PHOEBE. Well, most roads lead there.

ELIZABETH. And end there—so far as I can see.

PHOEBE. You’re too impatient.

ELIZABETH. It’s what our friends have been telling us—for the last fifty

PHOEBE. Look here, if it was only the usual sort of thing mamma wouldn’t
want it kept secret. I’m inclined to think it’s a new departure

(_The door opens_. _There enters_ JANET BLAKE, _followed by_ HAKE,
_who proceeds with his work_. JANET BLAKE _is a slight_,
_fragile-looking creature_, _her great dark eyes—the eyes of a
fanatic—emphasise the pallor of her childish face_. _She is shabbily
dressed_; _a plain_, _uninteresting girl until she smiles_, _and then
her face becomes quite beautiful_. PHOEBE _darts to meet her_.) Good
girl. Was afraid—I say, you’re wet through.

JANET. It was only a shower. The ’buses were all full. I had to ride

PHOEBE. Silly kid, why didn’t you take a cab?

JANET. I’ve been reckoning it up. I’ve been half over London chasing
Mrs. Mountcalm-Villiers. Cabs would have come, at the very least, to


JANET (_To_ ELIZABETH.) Well—I want you to put me down as a contributor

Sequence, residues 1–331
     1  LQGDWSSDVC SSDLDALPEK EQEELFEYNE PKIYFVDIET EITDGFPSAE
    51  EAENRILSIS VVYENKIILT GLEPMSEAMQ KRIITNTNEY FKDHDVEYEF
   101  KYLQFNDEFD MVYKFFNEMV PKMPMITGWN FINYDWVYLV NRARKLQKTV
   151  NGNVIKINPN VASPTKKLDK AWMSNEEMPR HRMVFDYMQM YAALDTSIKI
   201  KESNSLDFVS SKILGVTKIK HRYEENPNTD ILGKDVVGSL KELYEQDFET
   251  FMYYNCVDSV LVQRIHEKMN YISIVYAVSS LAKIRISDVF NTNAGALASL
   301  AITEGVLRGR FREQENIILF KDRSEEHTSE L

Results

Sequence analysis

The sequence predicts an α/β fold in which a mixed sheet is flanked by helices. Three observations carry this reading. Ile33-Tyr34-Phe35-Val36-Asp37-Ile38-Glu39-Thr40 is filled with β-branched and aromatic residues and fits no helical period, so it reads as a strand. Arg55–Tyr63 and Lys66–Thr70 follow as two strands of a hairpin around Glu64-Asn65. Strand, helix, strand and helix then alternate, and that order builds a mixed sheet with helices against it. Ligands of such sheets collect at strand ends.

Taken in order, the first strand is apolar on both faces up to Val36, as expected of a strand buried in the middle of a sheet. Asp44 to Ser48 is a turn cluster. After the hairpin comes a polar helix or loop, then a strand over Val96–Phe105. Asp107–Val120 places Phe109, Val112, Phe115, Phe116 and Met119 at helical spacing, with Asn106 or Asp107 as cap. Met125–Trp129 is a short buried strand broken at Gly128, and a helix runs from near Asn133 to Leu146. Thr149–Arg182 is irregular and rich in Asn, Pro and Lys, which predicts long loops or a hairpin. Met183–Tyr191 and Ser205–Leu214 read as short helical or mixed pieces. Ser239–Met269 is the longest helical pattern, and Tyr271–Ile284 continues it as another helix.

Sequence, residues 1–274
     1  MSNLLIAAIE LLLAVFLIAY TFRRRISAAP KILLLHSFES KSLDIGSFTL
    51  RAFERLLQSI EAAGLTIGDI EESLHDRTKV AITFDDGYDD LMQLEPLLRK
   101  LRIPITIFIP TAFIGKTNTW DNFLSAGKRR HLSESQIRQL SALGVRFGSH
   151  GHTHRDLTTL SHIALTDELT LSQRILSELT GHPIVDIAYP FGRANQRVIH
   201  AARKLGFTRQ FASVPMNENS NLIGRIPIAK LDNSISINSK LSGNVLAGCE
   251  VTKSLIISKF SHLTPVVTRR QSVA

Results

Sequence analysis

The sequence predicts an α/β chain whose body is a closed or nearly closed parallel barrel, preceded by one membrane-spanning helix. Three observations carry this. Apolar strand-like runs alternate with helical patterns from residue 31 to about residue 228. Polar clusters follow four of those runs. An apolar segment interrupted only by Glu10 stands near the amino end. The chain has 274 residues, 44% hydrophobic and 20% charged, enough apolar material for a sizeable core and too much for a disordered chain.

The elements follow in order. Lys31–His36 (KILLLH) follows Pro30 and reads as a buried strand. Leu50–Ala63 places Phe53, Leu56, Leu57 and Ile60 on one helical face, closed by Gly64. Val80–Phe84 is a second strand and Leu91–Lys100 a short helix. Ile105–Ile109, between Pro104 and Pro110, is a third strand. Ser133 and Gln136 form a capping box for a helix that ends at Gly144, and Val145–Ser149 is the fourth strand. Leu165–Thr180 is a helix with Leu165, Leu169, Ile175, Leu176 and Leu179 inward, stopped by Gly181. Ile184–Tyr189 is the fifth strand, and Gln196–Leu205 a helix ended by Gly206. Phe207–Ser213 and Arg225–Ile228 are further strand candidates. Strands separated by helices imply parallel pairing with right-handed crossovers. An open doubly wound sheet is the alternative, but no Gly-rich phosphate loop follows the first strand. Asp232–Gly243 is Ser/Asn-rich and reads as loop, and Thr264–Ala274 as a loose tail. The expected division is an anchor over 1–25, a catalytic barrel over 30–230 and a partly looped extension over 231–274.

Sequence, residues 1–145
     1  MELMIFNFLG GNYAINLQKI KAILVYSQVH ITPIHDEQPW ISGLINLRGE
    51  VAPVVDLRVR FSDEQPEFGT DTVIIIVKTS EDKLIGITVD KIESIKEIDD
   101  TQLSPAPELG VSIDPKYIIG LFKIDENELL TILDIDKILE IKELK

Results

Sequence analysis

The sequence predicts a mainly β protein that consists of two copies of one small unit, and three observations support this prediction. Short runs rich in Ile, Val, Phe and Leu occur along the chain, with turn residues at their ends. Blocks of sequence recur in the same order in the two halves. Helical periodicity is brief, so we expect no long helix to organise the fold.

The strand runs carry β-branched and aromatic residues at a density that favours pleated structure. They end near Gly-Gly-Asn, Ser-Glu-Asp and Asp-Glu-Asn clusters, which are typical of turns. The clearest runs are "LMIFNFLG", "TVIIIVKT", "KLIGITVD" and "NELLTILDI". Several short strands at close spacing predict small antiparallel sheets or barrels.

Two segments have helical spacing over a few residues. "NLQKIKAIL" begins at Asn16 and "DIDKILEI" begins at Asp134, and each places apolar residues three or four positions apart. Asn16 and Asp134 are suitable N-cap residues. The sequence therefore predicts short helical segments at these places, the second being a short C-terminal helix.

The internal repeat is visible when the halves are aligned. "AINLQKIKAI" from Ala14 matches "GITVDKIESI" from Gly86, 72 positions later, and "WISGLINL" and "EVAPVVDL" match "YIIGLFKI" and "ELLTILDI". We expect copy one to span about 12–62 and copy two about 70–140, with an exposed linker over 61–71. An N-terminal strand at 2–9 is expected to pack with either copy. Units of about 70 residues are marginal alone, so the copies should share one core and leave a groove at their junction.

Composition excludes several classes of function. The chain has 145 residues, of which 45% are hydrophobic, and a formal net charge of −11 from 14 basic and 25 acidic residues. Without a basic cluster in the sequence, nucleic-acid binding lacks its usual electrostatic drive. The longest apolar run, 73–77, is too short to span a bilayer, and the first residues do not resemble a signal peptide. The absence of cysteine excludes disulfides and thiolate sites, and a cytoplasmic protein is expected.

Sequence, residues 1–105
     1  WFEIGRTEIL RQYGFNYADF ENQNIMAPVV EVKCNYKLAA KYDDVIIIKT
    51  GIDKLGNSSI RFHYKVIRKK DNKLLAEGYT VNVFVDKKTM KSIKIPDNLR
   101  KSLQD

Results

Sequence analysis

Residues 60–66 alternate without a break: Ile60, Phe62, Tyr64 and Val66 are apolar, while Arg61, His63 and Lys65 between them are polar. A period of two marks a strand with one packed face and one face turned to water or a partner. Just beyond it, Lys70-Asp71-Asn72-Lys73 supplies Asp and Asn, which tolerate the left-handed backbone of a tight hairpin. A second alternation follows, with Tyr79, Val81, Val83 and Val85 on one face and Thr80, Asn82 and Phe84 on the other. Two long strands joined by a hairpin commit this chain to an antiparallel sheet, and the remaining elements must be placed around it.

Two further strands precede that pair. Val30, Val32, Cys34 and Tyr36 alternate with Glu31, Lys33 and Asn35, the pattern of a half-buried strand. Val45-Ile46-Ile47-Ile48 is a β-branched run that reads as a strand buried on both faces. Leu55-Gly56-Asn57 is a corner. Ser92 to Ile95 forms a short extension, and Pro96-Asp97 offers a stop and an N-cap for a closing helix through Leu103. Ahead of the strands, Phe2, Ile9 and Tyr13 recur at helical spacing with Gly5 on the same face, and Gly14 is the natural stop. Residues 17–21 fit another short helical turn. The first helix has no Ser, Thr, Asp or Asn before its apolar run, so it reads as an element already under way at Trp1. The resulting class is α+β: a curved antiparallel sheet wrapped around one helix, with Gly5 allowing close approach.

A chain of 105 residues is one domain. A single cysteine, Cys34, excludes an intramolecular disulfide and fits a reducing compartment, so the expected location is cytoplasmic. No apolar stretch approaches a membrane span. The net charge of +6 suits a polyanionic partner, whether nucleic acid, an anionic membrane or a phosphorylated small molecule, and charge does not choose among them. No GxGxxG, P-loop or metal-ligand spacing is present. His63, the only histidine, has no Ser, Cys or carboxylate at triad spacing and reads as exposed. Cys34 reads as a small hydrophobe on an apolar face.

for twelve-and-six. (_She smiles_.) It’s the only way I can give.

PHOEBE. (_She is taking off_ JANET’S _cloak_; _throws it to_ HAKE.)
Have this put somewhere to dry. (_She pushes_ JANET _to the fire_.) Get
near the fire. You’re as cold as ice.

ELIZABETH. All the seats inside, I suppose, occupied by the chivalrous

JANET. Oh, there was one young fellow offered to give me up his place,
but I wouldn’t let him. You see, we’re claiming equality. (_Smiles_.)

ELIZABETH. And are being granted it—in every direction where it works to
the convenience of man.

PHOEBE. (_Laughs_.) Is she coming—the Villiers woman?

JANET. Yes. I ran her down at last—at her dress-maker’s. She made an
awful fuss about it, but I wouldn’t leave till she’d promised. Tell me,
it’s something quite important, isn’t it?

PHOEBE. I don’t know anything, except that I had an urgent telegram from
mamma this morning to call a meeting of the entire Council here at three
o’clock. She’s coming up from Manchester on purpose. (_To_ HAKE.) Mrs.
Chilvers hasn’t returned yet, has she?

HAKE. Not yet, miss. Shall I telephone—

PHOEBE. (_Shakes her head_.) No; it’s all right. I have seen her. Let
her know we are here the moment she comes in.

HAKE. Yes, miss.

(_He has finished the arrangements_. _The table has been placed in the
centre of the room_, _six chairs round it_, _one of them being a large
armchair_. _He has placed writing materials and a large silver gravy
spoon_. _He is going_.)

PHOEBE. Why aren’t you sure your wife wasn’t at the meeting last night?
Didn’t she say anything?

HAKE. Well, miss, unfortunately, just as she was starting, Mrs.
Comerford—that’s the wife of the party that keeps the shop
downstairs—looked in with an order for the theatre.